“It’s in the house somewhere if I’d time to look for it,” says Pat. “But they were just like one of ourselves and Yoko was a grand woman entirely.”

THEIR first wedding engagement was in Ted Lavelle’s of Cashel as Tom recalls.
“We had no transport so they collected us. Martin played the bagpipes. They became a great novelty at weddings. When the bride and groom were leaving the reception the guests formed a human archway and Martin piped them out under it. They’d be tin cans and jam jars tied to the car and they’d give them a right rocking entirely before they’d take off. You’d have Martin playing outside, us playing away inside.
“I was in Johnny McHale’s pub across from the Welcome Inn one day and he said, ‘Ye were playing at a wedding over there last Saturday’. ‘How did ya know that?’ I asked him. ‘I heard the pipes and I knew it was ye,’” he said.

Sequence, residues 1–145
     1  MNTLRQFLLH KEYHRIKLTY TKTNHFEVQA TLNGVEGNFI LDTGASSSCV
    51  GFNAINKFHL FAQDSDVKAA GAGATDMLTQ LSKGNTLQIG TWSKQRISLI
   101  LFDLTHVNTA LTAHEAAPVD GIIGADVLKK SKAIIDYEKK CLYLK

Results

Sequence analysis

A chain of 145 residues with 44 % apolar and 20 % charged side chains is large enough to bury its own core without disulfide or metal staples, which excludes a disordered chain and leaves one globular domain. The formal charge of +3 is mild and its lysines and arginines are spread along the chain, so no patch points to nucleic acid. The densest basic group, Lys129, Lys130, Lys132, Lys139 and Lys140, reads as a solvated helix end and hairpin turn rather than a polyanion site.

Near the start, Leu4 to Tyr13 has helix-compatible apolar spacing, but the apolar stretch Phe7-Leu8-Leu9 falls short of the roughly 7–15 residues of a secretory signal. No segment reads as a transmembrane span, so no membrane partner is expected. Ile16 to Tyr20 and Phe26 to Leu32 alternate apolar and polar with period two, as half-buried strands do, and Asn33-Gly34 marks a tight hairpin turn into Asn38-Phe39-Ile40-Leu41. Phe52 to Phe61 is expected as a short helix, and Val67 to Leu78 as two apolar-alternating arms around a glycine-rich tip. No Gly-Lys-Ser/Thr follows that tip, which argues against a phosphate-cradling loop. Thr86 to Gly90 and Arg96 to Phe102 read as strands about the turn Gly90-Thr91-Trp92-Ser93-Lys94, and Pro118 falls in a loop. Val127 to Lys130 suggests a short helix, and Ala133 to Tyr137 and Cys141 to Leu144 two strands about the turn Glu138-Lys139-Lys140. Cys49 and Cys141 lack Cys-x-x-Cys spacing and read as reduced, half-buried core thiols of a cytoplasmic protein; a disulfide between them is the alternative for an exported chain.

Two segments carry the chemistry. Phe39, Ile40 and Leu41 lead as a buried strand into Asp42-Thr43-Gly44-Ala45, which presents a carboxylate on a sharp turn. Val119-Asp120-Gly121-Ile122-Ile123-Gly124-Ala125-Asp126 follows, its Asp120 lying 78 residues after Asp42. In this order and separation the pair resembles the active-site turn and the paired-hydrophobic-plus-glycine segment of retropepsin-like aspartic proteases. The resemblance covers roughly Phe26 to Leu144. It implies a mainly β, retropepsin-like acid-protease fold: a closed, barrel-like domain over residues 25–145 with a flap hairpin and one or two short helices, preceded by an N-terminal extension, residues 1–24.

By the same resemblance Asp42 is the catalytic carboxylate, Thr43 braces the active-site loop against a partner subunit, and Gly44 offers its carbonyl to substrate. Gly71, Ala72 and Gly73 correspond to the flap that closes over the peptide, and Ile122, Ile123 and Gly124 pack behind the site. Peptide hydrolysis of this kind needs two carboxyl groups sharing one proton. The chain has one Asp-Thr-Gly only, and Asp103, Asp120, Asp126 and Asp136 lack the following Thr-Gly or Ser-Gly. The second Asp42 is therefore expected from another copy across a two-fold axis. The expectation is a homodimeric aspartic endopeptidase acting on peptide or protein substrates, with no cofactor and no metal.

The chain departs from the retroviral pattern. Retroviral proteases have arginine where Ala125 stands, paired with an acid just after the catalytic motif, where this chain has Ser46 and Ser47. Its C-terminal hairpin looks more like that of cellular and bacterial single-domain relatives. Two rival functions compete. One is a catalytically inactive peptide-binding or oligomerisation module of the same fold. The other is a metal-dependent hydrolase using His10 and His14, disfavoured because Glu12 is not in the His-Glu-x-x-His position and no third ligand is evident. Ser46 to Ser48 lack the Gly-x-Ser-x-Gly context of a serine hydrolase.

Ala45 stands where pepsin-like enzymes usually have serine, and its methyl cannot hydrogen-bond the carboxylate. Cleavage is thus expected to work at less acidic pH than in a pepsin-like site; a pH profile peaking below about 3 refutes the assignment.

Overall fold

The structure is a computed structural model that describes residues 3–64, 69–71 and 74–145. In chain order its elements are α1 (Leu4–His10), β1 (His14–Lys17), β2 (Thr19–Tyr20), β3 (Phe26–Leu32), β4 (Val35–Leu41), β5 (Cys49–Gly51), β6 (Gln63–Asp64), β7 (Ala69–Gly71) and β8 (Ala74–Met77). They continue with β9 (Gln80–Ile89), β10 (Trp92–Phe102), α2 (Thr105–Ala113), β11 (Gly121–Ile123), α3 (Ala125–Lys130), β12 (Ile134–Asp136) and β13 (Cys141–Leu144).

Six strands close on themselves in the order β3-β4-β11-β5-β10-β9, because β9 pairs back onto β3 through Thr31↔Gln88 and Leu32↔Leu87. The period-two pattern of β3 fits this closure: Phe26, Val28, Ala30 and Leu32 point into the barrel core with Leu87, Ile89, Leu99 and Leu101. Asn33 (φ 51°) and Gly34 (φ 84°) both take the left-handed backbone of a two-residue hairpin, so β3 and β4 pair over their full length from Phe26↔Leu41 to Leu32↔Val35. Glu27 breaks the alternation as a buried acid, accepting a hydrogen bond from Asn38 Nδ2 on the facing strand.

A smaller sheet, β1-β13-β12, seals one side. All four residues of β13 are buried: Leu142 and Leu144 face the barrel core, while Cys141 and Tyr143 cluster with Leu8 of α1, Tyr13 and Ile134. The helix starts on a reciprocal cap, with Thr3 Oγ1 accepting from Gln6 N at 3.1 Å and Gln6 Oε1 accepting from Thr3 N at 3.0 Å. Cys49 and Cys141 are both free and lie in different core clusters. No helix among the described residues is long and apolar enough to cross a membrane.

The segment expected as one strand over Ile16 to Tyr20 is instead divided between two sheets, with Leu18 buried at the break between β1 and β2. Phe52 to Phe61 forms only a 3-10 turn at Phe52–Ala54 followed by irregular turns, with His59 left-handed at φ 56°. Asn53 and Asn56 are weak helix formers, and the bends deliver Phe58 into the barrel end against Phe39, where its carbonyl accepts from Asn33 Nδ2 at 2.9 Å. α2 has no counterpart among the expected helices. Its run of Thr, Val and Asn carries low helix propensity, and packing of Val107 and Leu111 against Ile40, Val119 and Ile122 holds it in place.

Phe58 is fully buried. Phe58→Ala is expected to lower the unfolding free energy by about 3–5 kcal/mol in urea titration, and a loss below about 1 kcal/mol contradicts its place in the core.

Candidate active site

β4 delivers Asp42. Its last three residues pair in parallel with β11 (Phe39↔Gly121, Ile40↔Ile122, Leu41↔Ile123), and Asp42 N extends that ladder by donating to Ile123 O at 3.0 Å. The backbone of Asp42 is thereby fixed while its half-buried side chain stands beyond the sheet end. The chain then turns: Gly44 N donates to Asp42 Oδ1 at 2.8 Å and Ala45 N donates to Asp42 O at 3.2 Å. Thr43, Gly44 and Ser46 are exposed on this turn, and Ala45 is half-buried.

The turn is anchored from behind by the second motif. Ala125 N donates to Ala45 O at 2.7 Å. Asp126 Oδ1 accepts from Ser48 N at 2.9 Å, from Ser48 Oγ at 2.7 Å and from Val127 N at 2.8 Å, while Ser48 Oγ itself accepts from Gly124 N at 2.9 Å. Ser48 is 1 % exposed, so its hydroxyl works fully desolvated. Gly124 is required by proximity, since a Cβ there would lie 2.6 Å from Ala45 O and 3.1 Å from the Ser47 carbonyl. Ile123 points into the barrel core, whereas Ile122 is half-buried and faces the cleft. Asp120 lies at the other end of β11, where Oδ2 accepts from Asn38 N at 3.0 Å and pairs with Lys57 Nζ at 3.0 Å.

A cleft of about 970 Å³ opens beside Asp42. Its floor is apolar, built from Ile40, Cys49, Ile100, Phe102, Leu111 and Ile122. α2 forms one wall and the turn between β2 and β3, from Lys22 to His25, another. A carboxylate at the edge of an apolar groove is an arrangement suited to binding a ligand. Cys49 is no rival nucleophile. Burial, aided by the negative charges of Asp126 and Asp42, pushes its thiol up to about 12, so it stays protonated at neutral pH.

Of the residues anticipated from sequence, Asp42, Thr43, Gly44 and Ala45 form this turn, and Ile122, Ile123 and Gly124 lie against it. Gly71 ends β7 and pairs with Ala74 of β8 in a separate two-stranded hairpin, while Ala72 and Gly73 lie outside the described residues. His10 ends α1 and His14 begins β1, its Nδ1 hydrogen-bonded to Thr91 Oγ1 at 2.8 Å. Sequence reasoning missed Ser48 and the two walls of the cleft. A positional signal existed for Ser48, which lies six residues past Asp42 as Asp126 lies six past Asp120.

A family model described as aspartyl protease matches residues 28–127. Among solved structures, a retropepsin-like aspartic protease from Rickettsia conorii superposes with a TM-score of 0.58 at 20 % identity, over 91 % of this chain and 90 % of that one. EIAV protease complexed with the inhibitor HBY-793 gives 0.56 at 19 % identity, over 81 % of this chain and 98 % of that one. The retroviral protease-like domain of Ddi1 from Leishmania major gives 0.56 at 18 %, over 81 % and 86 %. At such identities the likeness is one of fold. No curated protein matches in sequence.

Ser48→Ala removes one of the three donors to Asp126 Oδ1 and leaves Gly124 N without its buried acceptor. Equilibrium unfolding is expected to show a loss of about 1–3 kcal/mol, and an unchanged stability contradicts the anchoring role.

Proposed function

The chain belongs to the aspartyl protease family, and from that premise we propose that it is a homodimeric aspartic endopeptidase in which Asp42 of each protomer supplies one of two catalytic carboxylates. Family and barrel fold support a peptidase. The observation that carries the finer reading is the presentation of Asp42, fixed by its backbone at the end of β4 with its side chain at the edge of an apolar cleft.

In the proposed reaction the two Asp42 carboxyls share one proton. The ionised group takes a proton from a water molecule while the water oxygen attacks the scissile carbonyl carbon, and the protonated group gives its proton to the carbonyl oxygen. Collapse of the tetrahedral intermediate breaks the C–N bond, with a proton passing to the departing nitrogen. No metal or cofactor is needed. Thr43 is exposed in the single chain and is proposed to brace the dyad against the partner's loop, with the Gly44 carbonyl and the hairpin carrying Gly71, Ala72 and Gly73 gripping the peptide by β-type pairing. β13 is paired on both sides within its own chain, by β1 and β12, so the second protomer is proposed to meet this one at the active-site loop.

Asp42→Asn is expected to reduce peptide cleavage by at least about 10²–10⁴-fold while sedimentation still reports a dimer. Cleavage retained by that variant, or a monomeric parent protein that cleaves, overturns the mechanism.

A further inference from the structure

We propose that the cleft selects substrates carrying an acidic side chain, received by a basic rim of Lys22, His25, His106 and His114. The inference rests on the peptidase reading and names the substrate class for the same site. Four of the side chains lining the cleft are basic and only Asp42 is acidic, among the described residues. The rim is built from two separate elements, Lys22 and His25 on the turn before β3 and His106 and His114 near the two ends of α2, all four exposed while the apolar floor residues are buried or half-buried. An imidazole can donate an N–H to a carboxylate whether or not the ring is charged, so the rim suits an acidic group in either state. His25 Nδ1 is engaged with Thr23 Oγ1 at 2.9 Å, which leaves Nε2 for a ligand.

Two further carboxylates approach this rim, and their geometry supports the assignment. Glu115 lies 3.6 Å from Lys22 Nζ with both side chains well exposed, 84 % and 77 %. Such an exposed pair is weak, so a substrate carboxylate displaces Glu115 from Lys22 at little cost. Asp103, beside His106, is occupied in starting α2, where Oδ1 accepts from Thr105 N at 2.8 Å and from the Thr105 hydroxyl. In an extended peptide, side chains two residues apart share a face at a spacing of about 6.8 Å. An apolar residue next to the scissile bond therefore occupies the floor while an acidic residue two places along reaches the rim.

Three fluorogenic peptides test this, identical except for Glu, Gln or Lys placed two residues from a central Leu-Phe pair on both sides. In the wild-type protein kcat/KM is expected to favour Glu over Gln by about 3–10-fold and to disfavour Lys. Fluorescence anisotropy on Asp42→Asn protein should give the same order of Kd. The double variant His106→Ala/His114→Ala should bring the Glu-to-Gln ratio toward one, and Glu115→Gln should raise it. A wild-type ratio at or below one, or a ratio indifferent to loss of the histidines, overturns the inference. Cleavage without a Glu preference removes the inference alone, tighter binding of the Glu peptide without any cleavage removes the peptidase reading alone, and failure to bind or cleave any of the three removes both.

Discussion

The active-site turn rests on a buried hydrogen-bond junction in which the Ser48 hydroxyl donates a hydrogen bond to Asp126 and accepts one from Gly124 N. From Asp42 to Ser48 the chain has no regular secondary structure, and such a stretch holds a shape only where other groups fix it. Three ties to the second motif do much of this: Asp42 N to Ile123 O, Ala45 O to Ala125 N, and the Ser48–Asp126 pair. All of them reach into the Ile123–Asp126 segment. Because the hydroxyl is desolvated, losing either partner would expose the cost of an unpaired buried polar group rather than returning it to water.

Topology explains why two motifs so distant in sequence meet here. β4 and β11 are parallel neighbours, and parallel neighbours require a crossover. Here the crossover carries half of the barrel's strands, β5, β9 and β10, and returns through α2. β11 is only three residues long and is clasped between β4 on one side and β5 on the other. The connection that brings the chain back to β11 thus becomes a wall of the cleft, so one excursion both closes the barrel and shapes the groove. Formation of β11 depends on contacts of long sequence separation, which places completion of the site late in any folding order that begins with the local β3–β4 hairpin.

Martin playing the bagpipes became the signature tune to all civic receptions, official and impromptu. Whenever a dignitary visited Mulranny he piped them through the village. The drone of his bagpipes a musical accolade for politicians of every persuasion too, returning elected to Erris or Achill. On one visit the late Albert Reynolds borrowed a drum and tapped a beat to Martin’s music.
As well as entertaining the customers they also provided them with fresh Atlantic salmon betimes. Tom and Martin did a bit of fishing and they often took a crate of their catch to a gig. It gives rise to another of Tom’s many anecdotes.
“We were above in the Squealing Pig in Ballyglass and a woman asked me how she’d prepare the fish. ‘Give it to me mam’, I said, ‘And I‘ll fillet it for you’.
“I went into the kitchen and got a knife and before long there was a gang gathered around me and me in the middle of them cleaning fish. Next thing a guard walked in and asked us what we were at.